UNICEF teams are on the ground helping children and families affected by the Super Typhoon Bopha, which hit the south-eastern coast of Mindanao in the Philippines.
Heavy rains and winds of 175 kph slammed into the island on 2 December, causing 1600 people to be reported missing or dead. Over 2.3 million children's lives have been disrupted.
Residents spoke of a torrent of water, mud and logs racing through their villages with very little warning. Most cannot recall a storm like it in living memory. In many of the areas affected, all the housing and crops were damaged, destroyed or washed away.
UNICEF is concerned about the looming silent threats of malnutrition and abuse and exploitation of vulnerable children. Malnutrition levels prior to the typhoon were already at worrying levels. A statement released today highlights child trafficking as a potential risk in the most affected areas.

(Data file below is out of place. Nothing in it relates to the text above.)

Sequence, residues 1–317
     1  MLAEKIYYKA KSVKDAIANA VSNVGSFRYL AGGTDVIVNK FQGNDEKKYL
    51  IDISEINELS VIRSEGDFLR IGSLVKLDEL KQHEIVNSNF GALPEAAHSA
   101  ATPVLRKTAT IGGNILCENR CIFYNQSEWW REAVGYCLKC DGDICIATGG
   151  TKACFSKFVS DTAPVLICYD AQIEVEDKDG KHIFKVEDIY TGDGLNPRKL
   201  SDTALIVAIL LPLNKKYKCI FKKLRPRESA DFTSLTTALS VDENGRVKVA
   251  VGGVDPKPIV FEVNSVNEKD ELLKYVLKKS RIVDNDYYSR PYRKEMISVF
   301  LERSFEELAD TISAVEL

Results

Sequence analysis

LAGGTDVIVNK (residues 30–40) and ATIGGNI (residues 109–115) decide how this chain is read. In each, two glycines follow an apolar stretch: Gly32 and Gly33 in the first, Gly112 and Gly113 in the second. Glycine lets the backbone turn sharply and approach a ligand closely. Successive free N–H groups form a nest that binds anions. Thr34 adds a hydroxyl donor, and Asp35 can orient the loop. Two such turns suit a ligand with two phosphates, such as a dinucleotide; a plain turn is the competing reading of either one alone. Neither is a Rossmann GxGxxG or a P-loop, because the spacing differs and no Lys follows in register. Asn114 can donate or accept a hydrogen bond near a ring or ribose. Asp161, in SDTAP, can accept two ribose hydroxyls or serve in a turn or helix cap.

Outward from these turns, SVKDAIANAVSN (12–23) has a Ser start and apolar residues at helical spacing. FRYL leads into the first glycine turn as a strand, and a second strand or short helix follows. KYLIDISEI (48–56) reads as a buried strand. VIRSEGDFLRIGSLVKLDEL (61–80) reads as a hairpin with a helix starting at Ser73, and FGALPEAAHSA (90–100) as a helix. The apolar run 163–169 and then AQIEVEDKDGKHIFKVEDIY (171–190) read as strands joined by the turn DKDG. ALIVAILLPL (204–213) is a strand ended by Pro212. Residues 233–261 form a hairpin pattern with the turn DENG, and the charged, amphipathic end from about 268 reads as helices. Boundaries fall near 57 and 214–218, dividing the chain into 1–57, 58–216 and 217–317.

Tomoo Hozumi, UNICEF Philippines Representative, said: "In this damaged environment, it is particularly important to pay attention to the vulnerability of children. We have seen unscrupulous adults take advantage of these situations in other parts of the world. Through clear information and awareness, we can ensure that we don’t let these children become double victims of their circumstances."
Clean water is also short supply because water systems have been either destroyed, damaged or contaminated, so we're providing water and hygiene kits to ensure families have clean, safe water and equipment for washing. This will help protect children from diarrhoea and respiratory diseases.
We've also supplied equipment for setting up temporary toilets, which are essential with so many homes destroyed.
Our teams on the ground continue to assess and respond to the needs of children and families, but we'll need funding to make sure the response continues.
The typhoon was set to hit the same areas affected by Tropical Storm Washi a year ago, when more than 1,500 people lost their lives. This year, government and community organisations organised early evacuations of families in the most vulnerable areas. The strong typhoon did pass directly over the area, but the cities report zero casualties. This is a positive example of how preparation and early warning saves lives.